Watch Your Language
Written by: Shae Chisman, MFT-I
If you didn’t know already, September is Suicide Prevention Awareness Month! Its time to think about ways we can prevent suicide and how we can fight the stigma surrounding depression and suicide. We can create the cultural change needed to improve conversations about mental health and suicide prevention – simply by changing the language we use in discussing these matters. Words are powerful.
Committed Suicide vs. Completed Suicide vs. Died by Suicide
When we use the language “committed”, we are typically describing immoral behavior (i.e. Someone commits murder, rape, burglary, & other crimes).
While we definitely do not condone suicide – the person who dies by suicide is not committing a crime. Rather, this act is almost always a result of mental illness, extreme stress, and/or trauma.
Discussing suicide in this way perpetuates the stigma that prevents so many from seeking help. Let’s agree that these individuals deserve compassion – rather than condemnation.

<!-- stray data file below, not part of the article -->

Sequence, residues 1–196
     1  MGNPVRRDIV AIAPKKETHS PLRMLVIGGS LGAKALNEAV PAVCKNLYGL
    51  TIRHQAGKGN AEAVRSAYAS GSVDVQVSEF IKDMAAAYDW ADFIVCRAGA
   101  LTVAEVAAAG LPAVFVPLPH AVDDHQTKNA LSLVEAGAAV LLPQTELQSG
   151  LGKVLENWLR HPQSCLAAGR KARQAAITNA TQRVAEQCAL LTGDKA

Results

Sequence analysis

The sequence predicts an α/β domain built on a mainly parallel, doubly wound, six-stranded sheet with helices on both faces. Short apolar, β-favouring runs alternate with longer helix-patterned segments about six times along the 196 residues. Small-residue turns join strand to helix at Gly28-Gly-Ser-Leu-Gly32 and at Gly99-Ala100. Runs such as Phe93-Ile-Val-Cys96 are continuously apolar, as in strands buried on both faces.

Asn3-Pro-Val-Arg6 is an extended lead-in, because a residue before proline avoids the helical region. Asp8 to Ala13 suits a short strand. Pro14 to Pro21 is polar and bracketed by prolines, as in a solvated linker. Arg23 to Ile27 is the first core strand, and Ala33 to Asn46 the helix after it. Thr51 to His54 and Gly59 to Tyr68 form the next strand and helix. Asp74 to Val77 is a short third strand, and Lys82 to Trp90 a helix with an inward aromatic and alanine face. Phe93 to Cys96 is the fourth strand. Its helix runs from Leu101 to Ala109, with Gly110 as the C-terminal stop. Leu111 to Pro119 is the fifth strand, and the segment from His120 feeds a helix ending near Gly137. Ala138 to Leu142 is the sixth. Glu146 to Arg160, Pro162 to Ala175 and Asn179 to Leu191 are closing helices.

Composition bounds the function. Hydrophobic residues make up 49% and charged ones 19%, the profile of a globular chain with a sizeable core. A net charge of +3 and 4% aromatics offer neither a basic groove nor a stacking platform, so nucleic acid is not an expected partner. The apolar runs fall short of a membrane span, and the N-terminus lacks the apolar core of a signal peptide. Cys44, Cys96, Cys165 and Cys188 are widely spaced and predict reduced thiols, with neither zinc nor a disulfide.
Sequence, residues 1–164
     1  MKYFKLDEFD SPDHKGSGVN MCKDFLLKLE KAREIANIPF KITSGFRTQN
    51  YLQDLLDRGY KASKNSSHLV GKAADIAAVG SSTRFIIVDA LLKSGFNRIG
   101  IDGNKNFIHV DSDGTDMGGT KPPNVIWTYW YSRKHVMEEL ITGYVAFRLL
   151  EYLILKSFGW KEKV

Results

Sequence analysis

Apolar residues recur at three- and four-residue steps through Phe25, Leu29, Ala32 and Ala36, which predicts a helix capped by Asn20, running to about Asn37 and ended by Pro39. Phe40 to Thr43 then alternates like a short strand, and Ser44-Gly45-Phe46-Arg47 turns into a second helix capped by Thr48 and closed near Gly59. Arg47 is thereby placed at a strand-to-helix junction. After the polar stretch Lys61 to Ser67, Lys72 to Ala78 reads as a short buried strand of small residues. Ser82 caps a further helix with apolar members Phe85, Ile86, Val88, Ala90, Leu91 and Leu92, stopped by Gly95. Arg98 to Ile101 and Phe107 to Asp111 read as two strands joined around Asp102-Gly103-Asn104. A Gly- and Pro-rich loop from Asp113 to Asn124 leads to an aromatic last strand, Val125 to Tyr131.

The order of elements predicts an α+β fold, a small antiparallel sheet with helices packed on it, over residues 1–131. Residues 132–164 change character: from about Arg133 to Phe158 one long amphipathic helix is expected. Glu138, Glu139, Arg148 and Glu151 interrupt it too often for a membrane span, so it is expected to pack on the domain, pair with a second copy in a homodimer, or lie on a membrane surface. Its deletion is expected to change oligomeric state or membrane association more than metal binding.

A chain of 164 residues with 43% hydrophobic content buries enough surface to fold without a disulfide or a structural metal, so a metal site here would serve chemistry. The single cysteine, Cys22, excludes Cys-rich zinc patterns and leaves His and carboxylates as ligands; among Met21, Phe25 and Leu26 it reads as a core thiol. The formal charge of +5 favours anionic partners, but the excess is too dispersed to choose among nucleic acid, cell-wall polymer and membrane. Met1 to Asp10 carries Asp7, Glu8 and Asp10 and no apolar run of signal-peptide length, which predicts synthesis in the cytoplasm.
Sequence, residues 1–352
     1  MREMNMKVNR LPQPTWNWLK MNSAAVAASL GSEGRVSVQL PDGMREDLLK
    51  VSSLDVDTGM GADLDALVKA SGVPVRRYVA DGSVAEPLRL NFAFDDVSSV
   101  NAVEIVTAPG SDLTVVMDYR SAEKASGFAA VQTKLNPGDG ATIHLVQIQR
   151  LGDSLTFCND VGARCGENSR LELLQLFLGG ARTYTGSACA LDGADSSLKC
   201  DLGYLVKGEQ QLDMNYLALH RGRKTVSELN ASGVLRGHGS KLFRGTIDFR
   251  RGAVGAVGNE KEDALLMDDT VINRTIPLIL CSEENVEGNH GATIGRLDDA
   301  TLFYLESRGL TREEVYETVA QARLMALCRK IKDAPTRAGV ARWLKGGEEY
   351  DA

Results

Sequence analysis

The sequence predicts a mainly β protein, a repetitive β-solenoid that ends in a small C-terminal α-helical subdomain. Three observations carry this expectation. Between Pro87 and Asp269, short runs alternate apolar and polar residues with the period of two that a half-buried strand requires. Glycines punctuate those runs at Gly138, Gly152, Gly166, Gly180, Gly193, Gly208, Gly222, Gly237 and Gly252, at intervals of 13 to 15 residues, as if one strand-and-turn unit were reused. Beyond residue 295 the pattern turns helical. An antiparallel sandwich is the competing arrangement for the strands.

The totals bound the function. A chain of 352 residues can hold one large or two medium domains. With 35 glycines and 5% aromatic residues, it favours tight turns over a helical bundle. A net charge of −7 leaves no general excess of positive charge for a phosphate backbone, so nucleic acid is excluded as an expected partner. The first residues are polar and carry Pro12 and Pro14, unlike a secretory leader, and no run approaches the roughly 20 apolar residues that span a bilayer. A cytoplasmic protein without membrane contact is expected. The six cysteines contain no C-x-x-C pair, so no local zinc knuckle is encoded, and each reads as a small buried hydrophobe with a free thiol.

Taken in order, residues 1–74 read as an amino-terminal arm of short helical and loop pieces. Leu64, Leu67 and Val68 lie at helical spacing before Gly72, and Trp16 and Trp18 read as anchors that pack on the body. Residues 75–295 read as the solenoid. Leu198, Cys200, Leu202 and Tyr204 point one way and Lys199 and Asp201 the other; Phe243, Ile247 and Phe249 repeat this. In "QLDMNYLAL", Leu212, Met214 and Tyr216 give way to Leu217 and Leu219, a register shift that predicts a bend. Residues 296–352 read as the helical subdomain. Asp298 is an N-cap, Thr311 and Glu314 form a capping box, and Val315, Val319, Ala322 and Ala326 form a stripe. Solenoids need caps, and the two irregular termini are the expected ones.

Some have suggested the use of “completed suicide” instead of “committed suicide” in efforts to be more politically correct. Unfortunately, using the word “completed” does not accurately describe the act either. When we have completed something, this indicates success – it feels like an accomplishment. Alternatively, if someone’s suicide is described as “incomplete” – it indicates a failure.
We do not want to assign connotations such as good or bad to suicide – and definitely not when “completing suicide” is mildly suggested as good through the language and vice versa.
How do we talk about suicide?
To avoid these judgements – “died by suicide” can be used. It may come across as dry and insensitive. The alternative is that we are using language that can propagate stigma and discourage people who might otherwise be asking for help.
With so many lives at stake – the least we can do is practice using different vernacular when discussing suicide. We urge you to try.
Also, if you know someone who is struggling with suicidal thoughts, there are people who can help. Hope is here.
National Suicide Prevention Hotline: 1-800-273-8255
Crisis Text Line: Text “HOME” to 74147
Georgia Crisis & Access Line: 1-800-715-4225
Georgia HOPE offers in-home and online therapy for a multitude of presenting problems including: